The real surprise yesterday was the appearance of two poppies (?) peeking out from a field of Purple Coneflower plants that are just beginning to form seed heads and blossoms. I haven’t had a poppy, California or otherwise, in years. I have no idea what the little one on the right is or where it came from. This is the fun of having a haphazard garden. I hope it isn’t something rare. Please weigh in if you recognize it.

Enough of my confusion with flora in my yard. I managed to visit a few Crows on Thursday afternoon. They were happy to see me. I am hoping for some fledglings in the next few weeks.

AMCR 6-15-17-0237And below, a species of Viburnum that has been growing and producing berries for years – I rarely get to see this many berries before they all disappear, so this is for the record.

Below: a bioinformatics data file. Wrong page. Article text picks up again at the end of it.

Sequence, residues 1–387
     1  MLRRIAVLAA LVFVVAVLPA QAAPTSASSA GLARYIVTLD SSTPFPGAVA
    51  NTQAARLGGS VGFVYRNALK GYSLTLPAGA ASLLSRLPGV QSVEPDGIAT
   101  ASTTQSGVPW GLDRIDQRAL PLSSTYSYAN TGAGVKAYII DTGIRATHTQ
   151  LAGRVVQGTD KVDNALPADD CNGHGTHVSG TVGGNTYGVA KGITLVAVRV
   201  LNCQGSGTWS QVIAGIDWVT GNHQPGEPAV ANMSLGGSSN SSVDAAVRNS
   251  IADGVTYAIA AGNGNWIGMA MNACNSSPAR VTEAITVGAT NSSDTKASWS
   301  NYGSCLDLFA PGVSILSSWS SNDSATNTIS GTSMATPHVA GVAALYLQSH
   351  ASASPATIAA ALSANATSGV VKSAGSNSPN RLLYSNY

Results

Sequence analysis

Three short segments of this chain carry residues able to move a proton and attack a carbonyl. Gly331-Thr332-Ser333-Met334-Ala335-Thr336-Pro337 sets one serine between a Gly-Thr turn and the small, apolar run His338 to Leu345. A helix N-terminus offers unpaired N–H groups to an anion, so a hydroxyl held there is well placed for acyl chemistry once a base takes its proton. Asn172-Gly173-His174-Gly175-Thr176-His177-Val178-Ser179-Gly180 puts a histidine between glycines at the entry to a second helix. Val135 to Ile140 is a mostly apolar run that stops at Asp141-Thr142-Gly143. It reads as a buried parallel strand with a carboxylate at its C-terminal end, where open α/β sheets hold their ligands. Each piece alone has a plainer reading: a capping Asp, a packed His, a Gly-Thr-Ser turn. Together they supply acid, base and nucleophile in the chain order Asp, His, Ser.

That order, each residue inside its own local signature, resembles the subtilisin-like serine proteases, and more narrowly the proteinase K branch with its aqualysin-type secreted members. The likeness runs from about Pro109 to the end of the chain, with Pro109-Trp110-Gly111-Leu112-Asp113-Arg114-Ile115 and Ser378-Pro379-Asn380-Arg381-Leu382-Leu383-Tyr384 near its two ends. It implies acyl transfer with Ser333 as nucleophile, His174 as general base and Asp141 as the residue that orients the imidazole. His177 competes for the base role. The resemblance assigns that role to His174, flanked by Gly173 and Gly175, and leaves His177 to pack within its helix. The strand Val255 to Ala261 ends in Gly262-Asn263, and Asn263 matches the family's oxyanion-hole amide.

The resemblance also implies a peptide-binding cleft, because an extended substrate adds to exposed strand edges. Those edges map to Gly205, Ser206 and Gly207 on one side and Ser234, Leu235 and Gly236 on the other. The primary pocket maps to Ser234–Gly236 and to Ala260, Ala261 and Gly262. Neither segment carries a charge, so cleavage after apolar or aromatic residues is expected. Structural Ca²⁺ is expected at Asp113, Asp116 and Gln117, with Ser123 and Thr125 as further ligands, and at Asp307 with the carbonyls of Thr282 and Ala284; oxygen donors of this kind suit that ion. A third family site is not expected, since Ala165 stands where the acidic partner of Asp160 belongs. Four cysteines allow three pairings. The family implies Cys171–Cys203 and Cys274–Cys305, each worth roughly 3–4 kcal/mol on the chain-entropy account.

Some kind of Viburnum 6-18-17-0313I’ll take you back to Michigan, Panama and the Galapagos in the not-too-distant-I-hope future until or unless I am otherwise distracted. I can hope for more insects, for instance, and it seems to me I have been seeing not just fewer bees but other insects as well. I saw a large dark-colored dragonfly this morning at One South Wacker. I didn’t have my camera out but I don’t think I could get a picture of a moving dragonfly anyway, and I am not very good at identification. I was the only person to stop walking and stand and watch the dragonfly. As delighted as I was to see it, I was also sorry it had to navigate the concrete and steel canyons.

Never imagined I’d be complaining about a lack of insects, but without insects a lot of birds and other creatures will be in very bad shape. I haven’t seen a firefly yet this year. But I can still hope. We are all in this together.